CINEMALAYA REVIEW: Malamaya, a welcome return to form for Sunshine Cruz

by Edwin Sallan
Aug 9, 2019
Sunshine Cruz and Enzo Pineda have a May-December affair in the Cinemalaya 2019 entry Malamaya.

Although she started her career as the girl next door type, it wasn’t until she decided to go daring and headlined a string of sexy films during the 1990s that Sunshine Cruz became a household name.

She gave up doing sexy films when she married actor Cesar Montano in 2000 although she continued to act sparingly in mostly supporting roles. Following the annulment of their marriage in 2013, Sunshine started to accept more acting projects, mostly for teleseryes.

This time, she headlines the Cinemalaya 2019 entry, Malamaya which is seen by not a few viewers as her return to doing sexy movies—given a “red band” teaser and poster that shows her lying naked while leading man Enzo Pineda sits on her behind.

In the movie, Sunshine plays Nora, a middle-aged visual artist who lives alone with her cat. The film starts with the sound of a man having sex. After the tryst, the woman who asks if the man is finished is revealed to be Sunshine while the man turns out to be Raymond Bagatsing. His character is Jim, a pottery instructor who has grown weary of her mood swings. They ended whatever relationship they had that same night.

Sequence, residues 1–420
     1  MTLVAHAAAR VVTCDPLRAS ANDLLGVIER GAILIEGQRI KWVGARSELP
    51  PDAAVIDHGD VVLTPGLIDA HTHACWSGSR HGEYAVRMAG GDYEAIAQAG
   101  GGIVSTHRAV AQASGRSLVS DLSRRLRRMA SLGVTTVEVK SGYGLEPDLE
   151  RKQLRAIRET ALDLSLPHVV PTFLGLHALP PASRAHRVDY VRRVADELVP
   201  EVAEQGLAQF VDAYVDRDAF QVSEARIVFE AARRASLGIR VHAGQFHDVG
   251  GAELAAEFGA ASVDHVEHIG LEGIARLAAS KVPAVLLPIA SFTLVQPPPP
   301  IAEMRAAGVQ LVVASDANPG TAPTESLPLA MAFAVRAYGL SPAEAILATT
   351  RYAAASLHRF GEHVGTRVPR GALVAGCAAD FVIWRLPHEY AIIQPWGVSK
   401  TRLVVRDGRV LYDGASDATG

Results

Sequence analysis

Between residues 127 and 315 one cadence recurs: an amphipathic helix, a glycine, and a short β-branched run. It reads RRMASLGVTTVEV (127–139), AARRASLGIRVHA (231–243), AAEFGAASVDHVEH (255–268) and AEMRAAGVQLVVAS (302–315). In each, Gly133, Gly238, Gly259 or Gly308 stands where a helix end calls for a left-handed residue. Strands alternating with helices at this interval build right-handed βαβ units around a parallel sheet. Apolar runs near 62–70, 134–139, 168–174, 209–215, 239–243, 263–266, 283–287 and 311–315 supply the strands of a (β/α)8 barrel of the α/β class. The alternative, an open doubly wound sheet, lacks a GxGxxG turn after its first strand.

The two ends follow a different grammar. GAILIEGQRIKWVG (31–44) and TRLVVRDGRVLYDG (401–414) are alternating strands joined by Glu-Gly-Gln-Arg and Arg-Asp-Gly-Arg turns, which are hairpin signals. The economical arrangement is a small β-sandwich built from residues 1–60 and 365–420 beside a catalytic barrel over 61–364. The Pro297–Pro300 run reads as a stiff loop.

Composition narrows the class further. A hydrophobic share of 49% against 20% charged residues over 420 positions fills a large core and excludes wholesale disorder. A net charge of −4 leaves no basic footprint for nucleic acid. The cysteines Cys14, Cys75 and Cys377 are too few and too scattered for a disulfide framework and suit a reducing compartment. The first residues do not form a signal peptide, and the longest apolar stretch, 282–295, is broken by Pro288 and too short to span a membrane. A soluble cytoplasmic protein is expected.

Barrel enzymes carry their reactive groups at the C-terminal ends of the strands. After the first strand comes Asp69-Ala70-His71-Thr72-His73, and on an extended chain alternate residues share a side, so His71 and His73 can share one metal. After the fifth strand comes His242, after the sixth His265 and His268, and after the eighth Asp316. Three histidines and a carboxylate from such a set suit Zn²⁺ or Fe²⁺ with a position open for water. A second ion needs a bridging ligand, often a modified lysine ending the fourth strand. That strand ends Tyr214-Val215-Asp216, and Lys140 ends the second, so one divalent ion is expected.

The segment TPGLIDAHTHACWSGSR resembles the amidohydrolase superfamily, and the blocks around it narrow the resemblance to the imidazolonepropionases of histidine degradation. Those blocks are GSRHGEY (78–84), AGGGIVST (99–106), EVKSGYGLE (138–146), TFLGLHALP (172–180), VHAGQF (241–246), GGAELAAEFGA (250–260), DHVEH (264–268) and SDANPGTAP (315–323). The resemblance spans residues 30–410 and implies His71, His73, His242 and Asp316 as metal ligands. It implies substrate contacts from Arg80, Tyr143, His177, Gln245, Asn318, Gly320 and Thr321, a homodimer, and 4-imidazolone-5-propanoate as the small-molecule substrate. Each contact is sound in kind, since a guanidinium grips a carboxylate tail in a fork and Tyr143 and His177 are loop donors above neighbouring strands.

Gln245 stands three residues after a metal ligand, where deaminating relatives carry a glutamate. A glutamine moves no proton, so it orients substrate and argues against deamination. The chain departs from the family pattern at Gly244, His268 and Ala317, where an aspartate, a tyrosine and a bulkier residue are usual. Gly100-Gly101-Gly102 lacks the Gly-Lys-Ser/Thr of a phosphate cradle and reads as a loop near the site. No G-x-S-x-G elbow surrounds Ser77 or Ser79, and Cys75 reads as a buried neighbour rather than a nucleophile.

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As depicted in the film, Nora is the kind of artist whose quality of work is also reflective of her mood and inspiration. She takes her art seriously and personally, she does not sell any of her paintings and she has no patience for mediocrity.

After speaking before a class of over-inquisitive millennials, she meets Migs (played by Enzo Pineda), a budding photographer who calls himself a hobbyist. Despite her dismissive attitude, she becomes physically attracted to him and a passionate sexual encounter leads to him moving in with her.

That’s when his constant presence starts to encroach on her personal and work space.


Malamaya is the feature film debut of seasoned television writer Leilani Chavez and Danica Sta. Lucia who previously wrote the 2009 short, Gusto Kong Lumipad.

In Malamaya, they were able to give a glimpse of the fascinating world of visual arts with no less than the works of 11 visual artists serving as backdrop.

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As Nora, Sunshine gives her full commitment to the role and takes audiences to what makes this particular artist tick, her idiosyncrasies, neurotic tendencies, the method of her madness, so to speak and how obsessed she can be with her art when she finds the right inspiration.

At 42, Sunshine still looks incredibly sexy even though she did not (and did not have to) physically reveal more than what she needed to in her love scenes with Enzo. Given her age, Sunshine is likely to be offered more May-December vehicles but that’s okay as long as she has something fresh and different to offer like she did in this film.